How to Make a Cookie Bowl

Cookie bowl, ready for ice cream.
Cookie bowl, ready for ice cream.
Rachel Miller

Everyone has been abuzz over Dominique Ansel's latest craze, the cookie shot glass. We covered the cronuts and even recreated them here on the Chow Bella blog. But I had to put my foot down on the cookie shot glass. Who wants to drink the milk before eating the cookie? Not me!

That is why we are proud to introduce the cookie bowl!

See also: 5 Substitutes for Basic Baking Ingredients

Cookie bowl before baking, molded into a Pyrex dish.
Cookie bowl before baking, molded into a Pyrex dish.
Rachel Miller

Part bowl, part cookie. Perfect for a sundae or whipped cream, or trying to get your husband to eat salad. But, I wanted to do this in a simple way, so that everyone who may not have a ton of kitchen tools could make one as well. I scoured my kitchen cabinets for a bake-able container that would keep the bowl shape that I wanted, finally settling on a small glass pyrex container.

Step 1: Make your cookie dough like you normally would. I usually scoop it right after I make it, and then freeze it. This time, I molded cookie dough into my greased Pyrex container, covered it with plastic wrap and chilled it over night.

Step 2: Grease a piece of aluminum foil and place in the cookie cavity. Fill with dried beans to hold it down. Fold aluminum foil over the top of the beans. Make sure you are able to easily pull the aluminum foil pod of beans out of the cookie cavity easily, since you will be doing it when it's hot. (I also cover the whole cookie bowl with aluminum part way through baking to keep the edges from becoming too brown.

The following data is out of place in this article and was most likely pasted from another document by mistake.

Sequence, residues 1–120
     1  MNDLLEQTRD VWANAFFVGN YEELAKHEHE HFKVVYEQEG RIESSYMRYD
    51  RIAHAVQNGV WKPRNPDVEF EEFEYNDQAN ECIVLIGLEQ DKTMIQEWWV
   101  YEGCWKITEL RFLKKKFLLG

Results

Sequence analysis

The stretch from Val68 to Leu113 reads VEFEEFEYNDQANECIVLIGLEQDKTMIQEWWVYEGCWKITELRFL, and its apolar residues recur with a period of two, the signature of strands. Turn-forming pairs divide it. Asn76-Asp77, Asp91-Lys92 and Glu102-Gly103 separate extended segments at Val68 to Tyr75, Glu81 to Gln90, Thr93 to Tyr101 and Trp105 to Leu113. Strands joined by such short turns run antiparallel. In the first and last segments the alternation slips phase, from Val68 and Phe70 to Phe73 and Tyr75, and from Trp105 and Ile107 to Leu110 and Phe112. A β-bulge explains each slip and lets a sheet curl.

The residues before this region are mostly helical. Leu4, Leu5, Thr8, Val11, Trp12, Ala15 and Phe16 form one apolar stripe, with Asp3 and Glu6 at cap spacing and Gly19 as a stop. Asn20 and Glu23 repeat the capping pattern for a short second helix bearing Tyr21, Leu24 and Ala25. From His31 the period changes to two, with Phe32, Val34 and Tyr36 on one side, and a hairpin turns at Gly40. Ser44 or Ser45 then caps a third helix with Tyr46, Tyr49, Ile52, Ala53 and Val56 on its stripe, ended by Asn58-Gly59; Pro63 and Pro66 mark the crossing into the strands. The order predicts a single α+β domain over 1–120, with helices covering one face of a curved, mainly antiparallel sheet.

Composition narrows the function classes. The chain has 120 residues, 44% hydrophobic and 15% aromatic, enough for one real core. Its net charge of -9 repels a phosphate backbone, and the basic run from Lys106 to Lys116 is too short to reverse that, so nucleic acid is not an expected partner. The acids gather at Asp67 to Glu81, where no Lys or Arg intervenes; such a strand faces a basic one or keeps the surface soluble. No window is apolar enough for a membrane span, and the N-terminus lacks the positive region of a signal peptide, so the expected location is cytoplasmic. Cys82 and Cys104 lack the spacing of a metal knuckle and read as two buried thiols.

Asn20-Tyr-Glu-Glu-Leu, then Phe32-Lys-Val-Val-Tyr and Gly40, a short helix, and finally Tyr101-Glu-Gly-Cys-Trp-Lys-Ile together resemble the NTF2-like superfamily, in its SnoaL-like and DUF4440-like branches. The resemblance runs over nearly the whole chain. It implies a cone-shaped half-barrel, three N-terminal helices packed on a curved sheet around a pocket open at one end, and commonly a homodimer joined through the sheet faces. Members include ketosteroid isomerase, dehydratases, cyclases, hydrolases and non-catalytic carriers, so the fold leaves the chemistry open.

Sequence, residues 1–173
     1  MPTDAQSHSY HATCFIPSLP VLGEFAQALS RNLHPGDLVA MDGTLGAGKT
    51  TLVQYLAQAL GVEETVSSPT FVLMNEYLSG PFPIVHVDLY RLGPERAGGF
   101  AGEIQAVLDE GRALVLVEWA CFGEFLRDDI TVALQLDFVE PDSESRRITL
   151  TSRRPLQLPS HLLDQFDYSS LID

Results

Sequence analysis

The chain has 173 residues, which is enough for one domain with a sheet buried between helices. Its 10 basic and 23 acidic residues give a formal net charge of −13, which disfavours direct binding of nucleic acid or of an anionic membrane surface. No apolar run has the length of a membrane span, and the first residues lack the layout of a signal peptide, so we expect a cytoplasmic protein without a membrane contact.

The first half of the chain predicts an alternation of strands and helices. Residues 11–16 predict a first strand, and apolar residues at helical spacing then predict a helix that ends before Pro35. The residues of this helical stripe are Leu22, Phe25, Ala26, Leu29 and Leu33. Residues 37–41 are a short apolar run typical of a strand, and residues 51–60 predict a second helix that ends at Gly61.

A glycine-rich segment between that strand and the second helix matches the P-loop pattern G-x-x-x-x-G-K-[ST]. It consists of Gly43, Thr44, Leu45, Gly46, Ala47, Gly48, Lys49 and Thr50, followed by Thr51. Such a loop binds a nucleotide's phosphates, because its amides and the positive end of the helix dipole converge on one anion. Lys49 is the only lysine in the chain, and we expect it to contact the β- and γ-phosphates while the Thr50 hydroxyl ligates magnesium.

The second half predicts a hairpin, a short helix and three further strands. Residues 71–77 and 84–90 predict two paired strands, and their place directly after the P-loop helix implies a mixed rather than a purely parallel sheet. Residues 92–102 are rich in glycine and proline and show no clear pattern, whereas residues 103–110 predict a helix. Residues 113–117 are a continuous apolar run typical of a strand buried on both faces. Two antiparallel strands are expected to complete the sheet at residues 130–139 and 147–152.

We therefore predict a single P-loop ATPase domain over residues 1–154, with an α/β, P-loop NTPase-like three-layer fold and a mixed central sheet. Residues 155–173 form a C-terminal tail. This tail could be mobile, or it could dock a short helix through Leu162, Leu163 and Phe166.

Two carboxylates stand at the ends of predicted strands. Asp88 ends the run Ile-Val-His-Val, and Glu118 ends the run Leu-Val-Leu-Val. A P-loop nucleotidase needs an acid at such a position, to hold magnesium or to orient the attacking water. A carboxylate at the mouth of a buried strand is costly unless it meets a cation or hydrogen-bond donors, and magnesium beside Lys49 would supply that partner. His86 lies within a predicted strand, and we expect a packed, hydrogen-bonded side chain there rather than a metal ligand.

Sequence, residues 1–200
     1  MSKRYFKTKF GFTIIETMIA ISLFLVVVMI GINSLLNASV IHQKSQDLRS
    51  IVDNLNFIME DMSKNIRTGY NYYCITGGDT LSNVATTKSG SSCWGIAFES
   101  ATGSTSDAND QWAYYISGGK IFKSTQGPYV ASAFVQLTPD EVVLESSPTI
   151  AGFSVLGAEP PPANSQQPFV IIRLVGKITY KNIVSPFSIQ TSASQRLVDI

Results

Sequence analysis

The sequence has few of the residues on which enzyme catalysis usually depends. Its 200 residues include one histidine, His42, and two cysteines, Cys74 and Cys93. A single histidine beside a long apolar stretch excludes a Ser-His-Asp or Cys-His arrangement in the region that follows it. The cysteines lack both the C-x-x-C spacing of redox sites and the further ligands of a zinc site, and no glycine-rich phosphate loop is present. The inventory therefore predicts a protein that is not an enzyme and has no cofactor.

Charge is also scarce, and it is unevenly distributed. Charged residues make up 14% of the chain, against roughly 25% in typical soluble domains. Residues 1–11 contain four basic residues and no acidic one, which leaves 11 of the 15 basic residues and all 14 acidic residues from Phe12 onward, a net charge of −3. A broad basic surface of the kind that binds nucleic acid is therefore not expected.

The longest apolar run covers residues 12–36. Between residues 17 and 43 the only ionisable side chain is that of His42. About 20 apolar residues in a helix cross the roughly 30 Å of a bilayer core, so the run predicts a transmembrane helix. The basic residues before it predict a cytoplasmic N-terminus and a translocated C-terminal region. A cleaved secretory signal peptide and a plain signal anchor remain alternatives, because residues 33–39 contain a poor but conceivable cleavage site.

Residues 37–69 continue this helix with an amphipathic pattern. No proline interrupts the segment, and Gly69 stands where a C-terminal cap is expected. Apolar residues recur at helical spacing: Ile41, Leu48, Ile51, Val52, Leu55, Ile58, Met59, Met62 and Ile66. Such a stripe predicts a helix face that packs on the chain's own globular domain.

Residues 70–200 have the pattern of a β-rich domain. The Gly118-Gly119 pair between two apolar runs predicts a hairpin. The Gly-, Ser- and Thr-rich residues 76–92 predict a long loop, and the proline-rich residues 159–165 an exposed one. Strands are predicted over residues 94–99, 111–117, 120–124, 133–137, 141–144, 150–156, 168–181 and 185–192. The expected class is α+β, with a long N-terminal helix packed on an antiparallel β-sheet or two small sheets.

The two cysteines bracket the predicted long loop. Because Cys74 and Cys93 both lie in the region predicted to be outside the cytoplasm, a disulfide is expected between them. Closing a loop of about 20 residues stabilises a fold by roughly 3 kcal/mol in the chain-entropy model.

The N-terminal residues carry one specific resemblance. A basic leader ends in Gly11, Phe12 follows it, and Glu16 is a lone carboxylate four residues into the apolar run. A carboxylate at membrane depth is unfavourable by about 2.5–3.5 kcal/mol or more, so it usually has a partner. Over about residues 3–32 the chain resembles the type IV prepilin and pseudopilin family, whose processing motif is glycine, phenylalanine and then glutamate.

Step 3: Bake at 350 for about 50 minutes, or until the cookie is golden and the aluminum pod pulls out easily without ripping away your cookie dough. Remove the aluminum foil pod. Wrap the edges of the cookie bowl with aluminum foil and place back in the oven to bake the interior a bit longer, roughly about 20-25 more minutes.


Cookie bowl cooling.
Cookie bowl cooling.
Rachel Miller

Step 4: Allow cookie bowl to cool completely.

Step 5: Paint the interior of the bowl with a glaze mixture of powdered sugar, splash of milk and some vanilla. Make the glaze thick like paint, and using a paintbrush, paint the interior. It may run down and pool in the bottom, so make sure you get a good coat on the sides too. This will help your bowl keep its structure if you put something moist like ice cream in the bowl.

Note: I left my cookie bowl in the pyrex bowl. Mostly because I know that my husband won't be waiting to eat the cookie and we will end up with ice cream everywhere! To remove the cookie bowl from the Pyrex, take a few 1 ½" strips of parchment paper and line the bowl with them, leaving their tails hanging out on either side, this will make it easier to lift your cookie bowl out once it has cooled. Have a few strips of the parchment paper, to help loosen the bowl and remove it.

Step 6: Fill bowl with goodies!

Rachel Miller is a pastry chef and food writer in Phoenix, where she bakes, eats, and single-handedly keeps her local cheese shop in business. You can get more information about her pastry at, or on her blog at

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